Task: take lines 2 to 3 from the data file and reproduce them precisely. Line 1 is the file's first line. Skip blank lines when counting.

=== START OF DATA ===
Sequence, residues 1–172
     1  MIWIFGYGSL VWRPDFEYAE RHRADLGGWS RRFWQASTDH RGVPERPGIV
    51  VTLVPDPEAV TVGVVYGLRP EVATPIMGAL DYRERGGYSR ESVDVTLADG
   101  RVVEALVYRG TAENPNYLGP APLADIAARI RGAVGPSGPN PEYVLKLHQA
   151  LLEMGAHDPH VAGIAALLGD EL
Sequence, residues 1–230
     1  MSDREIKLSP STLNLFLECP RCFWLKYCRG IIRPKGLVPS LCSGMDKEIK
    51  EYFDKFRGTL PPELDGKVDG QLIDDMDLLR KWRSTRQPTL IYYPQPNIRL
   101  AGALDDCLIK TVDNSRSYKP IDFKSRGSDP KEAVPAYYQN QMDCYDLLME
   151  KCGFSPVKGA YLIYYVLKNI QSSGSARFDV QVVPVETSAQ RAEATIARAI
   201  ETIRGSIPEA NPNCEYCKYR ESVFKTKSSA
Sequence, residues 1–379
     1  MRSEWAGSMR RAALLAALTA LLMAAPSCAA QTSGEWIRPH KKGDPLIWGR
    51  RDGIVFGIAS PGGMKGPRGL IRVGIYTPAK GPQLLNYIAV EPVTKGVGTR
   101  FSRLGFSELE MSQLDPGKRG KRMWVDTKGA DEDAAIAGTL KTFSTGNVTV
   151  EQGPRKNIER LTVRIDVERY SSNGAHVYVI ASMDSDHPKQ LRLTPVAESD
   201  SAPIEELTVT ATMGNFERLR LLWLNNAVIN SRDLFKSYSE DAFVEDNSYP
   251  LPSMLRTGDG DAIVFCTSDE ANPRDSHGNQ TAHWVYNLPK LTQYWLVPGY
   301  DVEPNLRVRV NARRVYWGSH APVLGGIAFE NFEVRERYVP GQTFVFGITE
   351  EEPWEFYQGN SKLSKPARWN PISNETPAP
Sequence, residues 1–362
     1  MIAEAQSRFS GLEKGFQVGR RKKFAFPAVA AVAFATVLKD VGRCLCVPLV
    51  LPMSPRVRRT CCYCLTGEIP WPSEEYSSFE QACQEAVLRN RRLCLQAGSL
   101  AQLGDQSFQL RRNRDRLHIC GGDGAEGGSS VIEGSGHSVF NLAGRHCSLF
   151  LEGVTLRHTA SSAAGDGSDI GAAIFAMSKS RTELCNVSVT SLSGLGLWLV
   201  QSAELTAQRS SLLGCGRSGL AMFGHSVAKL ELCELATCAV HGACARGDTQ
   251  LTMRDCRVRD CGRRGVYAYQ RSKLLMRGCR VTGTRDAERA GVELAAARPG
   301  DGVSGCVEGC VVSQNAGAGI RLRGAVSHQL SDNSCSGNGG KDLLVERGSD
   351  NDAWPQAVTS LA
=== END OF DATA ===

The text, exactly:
     1  MIWIFGYGSL VWRPDFEYAE RHRADLGGWS RRFWQASTDH RGVPERPGIV
    51  VTLVPDPEAV TVGVVYGLRP EVATPIMGAL DYRERGGYSR ESVDVTLADG